A clinical study of the hepatopulmonary syndrome in Iraqi patients with chronic liver disease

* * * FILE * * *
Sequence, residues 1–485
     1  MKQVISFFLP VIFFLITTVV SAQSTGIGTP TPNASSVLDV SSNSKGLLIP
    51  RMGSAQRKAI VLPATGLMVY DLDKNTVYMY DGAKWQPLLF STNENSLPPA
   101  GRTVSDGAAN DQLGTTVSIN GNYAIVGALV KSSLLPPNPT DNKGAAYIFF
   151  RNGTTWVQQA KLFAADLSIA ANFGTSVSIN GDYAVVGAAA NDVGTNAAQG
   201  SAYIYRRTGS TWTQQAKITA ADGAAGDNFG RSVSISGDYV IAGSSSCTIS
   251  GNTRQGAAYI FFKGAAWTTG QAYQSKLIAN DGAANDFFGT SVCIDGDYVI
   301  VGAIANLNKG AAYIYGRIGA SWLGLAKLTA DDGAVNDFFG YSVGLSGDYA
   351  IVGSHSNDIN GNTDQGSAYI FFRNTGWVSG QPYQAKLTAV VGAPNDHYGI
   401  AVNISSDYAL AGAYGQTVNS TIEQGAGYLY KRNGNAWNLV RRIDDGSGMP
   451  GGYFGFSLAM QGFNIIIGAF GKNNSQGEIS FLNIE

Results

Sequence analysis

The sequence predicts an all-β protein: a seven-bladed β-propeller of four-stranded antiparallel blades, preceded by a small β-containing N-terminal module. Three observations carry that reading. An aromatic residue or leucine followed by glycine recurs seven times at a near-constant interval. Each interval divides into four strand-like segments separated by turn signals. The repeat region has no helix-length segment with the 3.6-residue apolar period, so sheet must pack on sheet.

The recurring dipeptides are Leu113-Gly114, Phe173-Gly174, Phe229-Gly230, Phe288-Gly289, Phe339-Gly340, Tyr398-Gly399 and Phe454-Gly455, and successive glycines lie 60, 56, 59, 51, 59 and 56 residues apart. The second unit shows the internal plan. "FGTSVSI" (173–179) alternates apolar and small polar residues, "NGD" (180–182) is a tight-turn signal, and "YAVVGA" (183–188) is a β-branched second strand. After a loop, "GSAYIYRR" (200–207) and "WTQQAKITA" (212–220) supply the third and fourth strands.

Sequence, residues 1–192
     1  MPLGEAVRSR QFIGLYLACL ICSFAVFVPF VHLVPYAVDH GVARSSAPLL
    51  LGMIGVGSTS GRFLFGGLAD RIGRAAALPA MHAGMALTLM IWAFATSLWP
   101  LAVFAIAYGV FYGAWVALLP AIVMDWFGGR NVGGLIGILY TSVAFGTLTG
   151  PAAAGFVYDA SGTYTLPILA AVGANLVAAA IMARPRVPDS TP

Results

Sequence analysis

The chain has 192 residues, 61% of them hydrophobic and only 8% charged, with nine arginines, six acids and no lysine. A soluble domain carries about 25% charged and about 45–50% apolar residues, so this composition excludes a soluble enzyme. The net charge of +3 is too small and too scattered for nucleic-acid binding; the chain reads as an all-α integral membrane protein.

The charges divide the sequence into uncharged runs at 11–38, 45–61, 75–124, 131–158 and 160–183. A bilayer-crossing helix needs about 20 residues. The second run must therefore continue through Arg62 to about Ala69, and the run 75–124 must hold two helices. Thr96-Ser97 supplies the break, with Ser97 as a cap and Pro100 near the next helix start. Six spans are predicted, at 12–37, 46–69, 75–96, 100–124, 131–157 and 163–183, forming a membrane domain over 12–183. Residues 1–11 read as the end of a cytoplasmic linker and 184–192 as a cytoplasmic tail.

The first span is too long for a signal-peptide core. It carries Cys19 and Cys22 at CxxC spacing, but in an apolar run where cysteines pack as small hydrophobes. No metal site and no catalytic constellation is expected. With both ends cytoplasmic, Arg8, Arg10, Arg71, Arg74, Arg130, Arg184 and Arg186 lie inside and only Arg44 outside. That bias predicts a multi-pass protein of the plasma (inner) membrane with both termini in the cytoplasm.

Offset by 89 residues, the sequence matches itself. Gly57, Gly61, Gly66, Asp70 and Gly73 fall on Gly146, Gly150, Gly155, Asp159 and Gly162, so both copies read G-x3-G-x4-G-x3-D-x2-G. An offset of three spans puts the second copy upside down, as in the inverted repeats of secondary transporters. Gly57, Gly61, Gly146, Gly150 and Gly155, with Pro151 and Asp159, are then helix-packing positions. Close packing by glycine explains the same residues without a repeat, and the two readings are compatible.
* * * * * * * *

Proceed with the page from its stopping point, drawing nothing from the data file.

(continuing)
Objective To evaluate the frequency, clinical, and laboratory features of HPS and to determine their usefulness in its diagnosis in Iraqi patients with liver disease. Patients and Methods Fifty-two patients with chronic liver disease were evaluated for the presence of HPS using pulse oximetry, arterial blood gas analysis (ABG), and transthoracic contrast-enhanced echocardiography (CEE). Patients with SaO2 of ≤92% and/or a decrease in SaO2 of ≥4% after change from supine to upright position; were further tested with ABG and CEE. Patients who had a PaO2 of ≤70 mmHg together with positive CEE were considered to have HPS. Results Of 52 patients studied, 13 (26.9%) were in Child-Pugh class A, 16 (30.7%) in class B, and 23 (42.3%) in class C. Four patients (7.6%) proved to have HPS; one was in Child-Pugh class B and the other three were in class C (p=0.3574). Among the clinical features assessed as predictors of HPS, dyspnea (p = 0.0027), cyanosis (p < 0.0001), and finger clubbing (p = 0.0514) reached statistical significance. Neither upper GI endoscopy nor biochemical liver tests were statistically different between patients with and without HPS. Conclusions HPS is not rare. Dyspnea is a useful marker for its presence in the appropriate clinical setting. Platypnea, cyanosis, and finger clubbing are much less sensitive but more specific features of the syndrome. No particular pattern of biochemical liver tests is useful in predicting the presence or absence of HPS. There was a trend for HPS to occur in patients with more advanced liver disease.